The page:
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A Reverie. [Newspaper Article] — Columbia Daily Spectator — 28 November 1879
A Reverie. LISTLESS, upon the beach, my form I throw, And watch the crested waves with sullen roar Roll in, and dashing high the spray, Conquered retire from off the opposing shore. Now as the moon from 'neath a cloud bursts forth, Bathing the scene in floods of silvery light, A startled osprey, from its eyrie high, Breaks with its shriek the stillness of night. Looking again across the sounding sea, Majestic see yon billow tower High up above its less companions heads, O'erwhelm them with its all-resistless power. Like —Ugh ! who thought 'twas coming up like that ? Thunder ! ! There to the leeward floats my hat, And here's my only suit of clothes wet through. I wonder what the devil I'm to do ? Confound the sea, and all who sing its praise, rve had enough to last me all my days. What is it? except (I'd like to know), Sodium, Chloride, and H s O. SITO.
Foot Ball. [Newspaper Article] — Columbia Daily Spectator — 28 November 1879
Foot Ball. [We must apologize for the space devoted to athletics in both this and the preceding number, but it has been necessary for the purpose of having some authenticated account placed on record. —Eds. SPECTATOR.] UNIV. OF PENN. VS. COLUMBIA. team met the Pennsylvania men, on Saturday, November 15th, on the Young America Cricket Club Grounds, near Philadelphia. Owing to the unfortunate lack of interest displayed by our players, we were unable to play as strong a team, as we had when we met Princeton, nor could the Captain secure the services of any skilled neutral to perform the duties of referee. Hence, we surrendered the choice to Pennsylvania, and the result was very unsatisfactory. No brilliant playing was shown by either side, save the remarkable kicking of J. Thayer. A detailed description of the game is, by this time, unnecessary —the main points being that, during the whole of the first half, the ball was on our side of the field, and close to the goal line, save during...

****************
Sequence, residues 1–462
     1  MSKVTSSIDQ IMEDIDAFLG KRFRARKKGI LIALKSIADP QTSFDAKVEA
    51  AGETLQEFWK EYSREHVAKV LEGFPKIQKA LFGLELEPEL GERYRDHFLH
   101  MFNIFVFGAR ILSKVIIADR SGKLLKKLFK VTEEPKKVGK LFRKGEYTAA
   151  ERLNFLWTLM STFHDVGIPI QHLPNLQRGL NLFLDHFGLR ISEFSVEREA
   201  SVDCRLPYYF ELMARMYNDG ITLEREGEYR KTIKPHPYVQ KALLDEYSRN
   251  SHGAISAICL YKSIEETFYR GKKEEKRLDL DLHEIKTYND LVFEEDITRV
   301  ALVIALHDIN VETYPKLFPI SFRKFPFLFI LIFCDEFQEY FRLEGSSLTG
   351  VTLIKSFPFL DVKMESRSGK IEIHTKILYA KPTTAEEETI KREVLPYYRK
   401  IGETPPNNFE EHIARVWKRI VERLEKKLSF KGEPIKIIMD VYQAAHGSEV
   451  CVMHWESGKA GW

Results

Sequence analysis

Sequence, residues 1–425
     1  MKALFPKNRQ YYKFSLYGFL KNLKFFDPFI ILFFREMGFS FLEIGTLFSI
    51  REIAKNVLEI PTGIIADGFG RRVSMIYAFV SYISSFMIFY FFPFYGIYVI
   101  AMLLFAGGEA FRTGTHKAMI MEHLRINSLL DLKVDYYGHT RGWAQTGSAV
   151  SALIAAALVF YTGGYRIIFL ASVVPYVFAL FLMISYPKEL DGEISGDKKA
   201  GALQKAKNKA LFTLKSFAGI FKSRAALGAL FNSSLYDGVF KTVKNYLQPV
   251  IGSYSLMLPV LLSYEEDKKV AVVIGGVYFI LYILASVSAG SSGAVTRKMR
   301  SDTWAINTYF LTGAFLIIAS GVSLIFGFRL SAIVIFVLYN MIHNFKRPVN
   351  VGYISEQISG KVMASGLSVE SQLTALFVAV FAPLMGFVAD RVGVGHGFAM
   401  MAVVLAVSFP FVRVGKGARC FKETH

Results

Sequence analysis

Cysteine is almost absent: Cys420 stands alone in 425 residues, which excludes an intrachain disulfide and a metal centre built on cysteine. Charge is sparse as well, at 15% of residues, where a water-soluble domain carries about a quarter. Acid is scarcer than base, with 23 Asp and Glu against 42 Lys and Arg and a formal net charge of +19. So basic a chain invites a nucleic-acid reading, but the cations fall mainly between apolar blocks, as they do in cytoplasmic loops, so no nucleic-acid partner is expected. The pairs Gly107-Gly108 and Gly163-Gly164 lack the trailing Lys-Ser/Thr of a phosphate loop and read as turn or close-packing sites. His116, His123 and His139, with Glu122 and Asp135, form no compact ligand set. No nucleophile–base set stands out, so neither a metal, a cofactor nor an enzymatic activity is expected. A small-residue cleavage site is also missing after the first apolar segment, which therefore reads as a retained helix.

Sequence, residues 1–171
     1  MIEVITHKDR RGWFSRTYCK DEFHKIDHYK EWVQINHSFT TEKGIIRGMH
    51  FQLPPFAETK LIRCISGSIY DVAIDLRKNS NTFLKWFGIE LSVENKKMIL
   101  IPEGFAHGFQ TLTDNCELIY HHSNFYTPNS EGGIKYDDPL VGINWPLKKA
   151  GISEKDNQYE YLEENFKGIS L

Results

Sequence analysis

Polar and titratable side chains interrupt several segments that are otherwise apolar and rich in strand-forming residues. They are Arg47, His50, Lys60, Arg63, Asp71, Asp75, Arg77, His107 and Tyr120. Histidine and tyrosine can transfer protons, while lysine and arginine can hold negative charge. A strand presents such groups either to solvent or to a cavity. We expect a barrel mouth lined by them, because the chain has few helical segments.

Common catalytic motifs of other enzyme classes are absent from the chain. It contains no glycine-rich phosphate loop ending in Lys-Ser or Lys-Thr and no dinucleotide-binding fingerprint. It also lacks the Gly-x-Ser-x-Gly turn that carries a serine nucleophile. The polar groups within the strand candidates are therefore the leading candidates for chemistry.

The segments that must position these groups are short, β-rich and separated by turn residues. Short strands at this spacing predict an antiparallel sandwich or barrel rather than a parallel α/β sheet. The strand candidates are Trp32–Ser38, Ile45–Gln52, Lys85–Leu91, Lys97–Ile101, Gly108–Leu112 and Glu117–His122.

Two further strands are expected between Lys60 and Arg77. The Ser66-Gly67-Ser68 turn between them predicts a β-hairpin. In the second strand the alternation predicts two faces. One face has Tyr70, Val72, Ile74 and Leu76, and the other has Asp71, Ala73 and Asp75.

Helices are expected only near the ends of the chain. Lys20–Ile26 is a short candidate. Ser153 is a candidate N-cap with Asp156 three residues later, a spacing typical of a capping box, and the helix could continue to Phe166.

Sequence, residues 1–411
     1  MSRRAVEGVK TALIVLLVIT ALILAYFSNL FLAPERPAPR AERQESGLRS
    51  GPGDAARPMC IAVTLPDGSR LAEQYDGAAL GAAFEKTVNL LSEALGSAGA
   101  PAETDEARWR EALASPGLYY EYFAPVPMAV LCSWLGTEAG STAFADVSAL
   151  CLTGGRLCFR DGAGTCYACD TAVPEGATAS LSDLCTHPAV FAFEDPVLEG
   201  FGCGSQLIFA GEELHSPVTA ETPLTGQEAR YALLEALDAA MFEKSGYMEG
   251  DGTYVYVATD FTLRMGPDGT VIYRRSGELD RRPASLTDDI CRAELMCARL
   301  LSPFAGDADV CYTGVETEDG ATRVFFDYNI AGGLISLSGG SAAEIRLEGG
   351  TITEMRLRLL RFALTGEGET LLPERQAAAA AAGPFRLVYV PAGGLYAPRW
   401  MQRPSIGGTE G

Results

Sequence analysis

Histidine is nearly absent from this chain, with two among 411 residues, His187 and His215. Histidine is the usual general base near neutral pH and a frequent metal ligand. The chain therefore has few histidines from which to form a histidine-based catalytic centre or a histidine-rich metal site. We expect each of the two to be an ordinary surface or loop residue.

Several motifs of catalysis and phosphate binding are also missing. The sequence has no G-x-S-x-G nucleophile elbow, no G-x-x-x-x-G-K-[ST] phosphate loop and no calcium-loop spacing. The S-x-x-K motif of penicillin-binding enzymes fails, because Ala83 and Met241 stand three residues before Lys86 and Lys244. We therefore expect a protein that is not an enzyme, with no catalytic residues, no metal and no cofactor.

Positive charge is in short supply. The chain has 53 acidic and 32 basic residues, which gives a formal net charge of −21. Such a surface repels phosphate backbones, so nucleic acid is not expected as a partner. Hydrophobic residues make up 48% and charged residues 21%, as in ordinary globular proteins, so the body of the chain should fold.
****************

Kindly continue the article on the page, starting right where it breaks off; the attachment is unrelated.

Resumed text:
Aplotor Métpor. SEE CARTOON. [Newspaper Article] — Columbia Daily Spectator — 28 November 1879